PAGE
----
Prizes, science writing, journalism, editors & newspapers

By Grant Jacobs 24/11/2009 8


wrote recently suggesting a prize for a newspaper carrying science content. In recognition of science writing, not journalism that has some science content to “beef up” an otherwise non-science based story, and to recognise all the science content, not only a few major stories.

I’d like to clarify some of what I was suggesting.

First, I want to make clear that I am not offering this as a suggestion in opposition to or in place of a prize for individual science writers, science journalists or “science” stories.

I was suggesting a prize for the newspaper to fill what I see as a hole: a prize that might encourage editors to support the full range of science writing, that might get them thinking “add more science content”.

It’s a longer-term goal, one that won’t get the person giving the award as many beers or slaps on the back from journalists, but I’d like to think that in the long-term it’d help raise the profile of the niche as a whole.

Put another way, an award complements awards to individuals or for individual stories that looks at the whole newspaper.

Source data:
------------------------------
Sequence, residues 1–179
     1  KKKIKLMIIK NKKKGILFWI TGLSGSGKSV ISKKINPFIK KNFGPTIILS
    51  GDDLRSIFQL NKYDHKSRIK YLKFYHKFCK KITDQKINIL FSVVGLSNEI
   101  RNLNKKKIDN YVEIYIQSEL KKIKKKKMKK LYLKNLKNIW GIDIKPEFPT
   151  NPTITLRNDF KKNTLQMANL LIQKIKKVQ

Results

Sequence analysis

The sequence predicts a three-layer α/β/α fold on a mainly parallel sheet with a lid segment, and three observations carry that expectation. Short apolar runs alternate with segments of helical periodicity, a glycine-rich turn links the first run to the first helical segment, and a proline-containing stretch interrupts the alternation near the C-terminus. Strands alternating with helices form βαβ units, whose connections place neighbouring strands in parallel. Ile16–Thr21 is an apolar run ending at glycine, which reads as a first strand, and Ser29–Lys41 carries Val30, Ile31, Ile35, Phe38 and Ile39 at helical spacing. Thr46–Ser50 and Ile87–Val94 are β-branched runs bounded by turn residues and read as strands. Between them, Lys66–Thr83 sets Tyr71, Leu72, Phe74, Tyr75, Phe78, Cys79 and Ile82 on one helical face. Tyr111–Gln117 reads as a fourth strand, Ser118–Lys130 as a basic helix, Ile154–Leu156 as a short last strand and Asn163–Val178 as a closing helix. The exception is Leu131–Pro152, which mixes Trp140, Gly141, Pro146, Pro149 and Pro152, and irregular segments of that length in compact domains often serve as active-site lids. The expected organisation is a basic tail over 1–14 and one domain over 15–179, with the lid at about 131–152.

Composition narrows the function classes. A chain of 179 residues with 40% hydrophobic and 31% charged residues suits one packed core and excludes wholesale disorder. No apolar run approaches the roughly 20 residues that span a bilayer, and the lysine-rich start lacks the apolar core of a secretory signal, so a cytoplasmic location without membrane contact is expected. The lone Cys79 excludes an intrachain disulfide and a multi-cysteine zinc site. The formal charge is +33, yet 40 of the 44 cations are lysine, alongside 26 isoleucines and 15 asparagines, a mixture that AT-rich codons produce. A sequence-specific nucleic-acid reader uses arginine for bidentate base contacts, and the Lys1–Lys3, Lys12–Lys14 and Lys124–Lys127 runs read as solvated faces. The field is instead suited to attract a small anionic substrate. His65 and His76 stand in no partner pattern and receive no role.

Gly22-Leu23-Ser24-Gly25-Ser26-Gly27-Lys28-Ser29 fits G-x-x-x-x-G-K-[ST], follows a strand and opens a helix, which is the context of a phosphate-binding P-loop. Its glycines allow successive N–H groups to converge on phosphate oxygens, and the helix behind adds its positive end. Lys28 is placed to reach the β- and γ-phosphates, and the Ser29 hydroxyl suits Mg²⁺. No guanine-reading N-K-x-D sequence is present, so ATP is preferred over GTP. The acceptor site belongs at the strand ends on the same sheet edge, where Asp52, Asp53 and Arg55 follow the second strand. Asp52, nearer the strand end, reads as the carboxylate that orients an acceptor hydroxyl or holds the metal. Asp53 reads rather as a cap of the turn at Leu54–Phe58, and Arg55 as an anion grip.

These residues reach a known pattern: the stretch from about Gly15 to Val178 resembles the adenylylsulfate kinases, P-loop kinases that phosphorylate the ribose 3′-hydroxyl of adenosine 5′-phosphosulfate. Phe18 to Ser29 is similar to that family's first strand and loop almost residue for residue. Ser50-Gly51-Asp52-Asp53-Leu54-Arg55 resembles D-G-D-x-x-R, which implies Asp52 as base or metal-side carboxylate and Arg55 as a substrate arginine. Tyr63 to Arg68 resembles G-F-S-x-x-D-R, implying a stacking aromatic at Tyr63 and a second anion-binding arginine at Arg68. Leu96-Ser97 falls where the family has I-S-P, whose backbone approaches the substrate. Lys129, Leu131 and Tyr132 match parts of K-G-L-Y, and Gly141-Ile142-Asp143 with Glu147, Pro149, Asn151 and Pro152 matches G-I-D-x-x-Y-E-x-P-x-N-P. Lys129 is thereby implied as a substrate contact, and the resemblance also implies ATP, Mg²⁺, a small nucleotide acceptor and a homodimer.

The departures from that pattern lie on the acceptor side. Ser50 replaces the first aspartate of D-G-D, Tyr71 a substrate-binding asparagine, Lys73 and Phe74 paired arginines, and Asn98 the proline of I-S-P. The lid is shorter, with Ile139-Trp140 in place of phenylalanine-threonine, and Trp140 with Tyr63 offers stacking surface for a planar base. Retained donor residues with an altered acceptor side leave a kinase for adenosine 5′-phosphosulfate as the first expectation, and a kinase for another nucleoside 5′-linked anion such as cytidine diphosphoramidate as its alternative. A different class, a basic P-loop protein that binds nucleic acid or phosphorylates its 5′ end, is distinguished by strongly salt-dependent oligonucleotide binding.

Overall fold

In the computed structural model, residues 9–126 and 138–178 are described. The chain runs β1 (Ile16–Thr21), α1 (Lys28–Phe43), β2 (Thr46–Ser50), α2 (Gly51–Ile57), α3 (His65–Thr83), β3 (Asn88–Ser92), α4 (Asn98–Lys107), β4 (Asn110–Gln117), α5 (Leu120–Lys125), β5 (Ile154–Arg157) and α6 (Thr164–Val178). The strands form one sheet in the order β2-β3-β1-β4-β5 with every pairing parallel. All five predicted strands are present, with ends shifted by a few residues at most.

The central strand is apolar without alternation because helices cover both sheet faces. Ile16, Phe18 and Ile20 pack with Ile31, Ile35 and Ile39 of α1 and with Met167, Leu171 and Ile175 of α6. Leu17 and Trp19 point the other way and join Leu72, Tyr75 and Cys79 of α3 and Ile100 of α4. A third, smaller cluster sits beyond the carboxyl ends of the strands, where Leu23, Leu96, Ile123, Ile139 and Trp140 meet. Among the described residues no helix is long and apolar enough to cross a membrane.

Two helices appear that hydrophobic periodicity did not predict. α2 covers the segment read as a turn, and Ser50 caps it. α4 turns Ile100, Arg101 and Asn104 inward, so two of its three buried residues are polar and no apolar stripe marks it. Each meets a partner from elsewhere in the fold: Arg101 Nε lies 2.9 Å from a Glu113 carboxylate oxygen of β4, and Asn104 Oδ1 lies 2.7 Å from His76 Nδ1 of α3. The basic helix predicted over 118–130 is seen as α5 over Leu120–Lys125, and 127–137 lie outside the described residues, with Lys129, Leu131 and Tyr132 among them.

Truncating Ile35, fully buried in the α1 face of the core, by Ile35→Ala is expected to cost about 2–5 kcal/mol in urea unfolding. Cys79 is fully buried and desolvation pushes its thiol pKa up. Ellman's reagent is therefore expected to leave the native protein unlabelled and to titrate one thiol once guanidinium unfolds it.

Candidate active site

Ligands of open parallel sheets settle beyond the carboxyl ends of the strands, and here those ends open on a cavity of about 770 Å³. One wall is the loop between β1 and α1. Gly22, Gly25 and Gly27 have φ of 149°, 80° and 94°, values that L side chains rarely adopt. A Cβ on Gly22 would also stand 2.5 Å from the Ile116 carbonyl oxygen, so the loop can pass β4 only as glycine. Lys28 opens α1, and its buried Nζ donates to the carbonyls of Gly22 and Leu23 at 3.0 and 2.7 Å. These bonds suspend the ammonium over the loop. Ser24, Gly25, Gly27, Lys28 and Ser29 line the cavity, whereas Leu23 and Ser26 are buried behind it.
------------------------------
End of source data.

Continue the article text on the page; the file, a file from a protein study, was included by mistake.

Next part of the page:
Let’s also be clear that I was mainly addressing science writing. In that post, I wrote ‘science’, ‘science writing’, ‘science news’, ‘science articles’, etc. I didn’t even write ‘science journalism’ for that matter, which I see as subtly different (and when done well, worthwhile), even though I mean to weigh that in too.

Let me elaborate. I see science writing, science journalism and journalism that happens to include some science as different. Shades of grey, to some I guess, but to me there’s a difference. In the first, the main story is the science. In the latter the main story is something else, with the science included to strengthen the story, give it more depth or richness. (Worthy goals, just not what I wanted to focus on.) Somewhere in between you’ve got science journalism, which, loosely speaking, favours “science as an event” (more on this later).

One commenter objected that a prize for a newspaper would favour established columns over breaking news:

Otherwise doing it by organisation, you might have a paper that has the science scoop of the year miss out to one that has a regular science section and actually devotes more coverage to science but isn’t breaking stories in the public interest.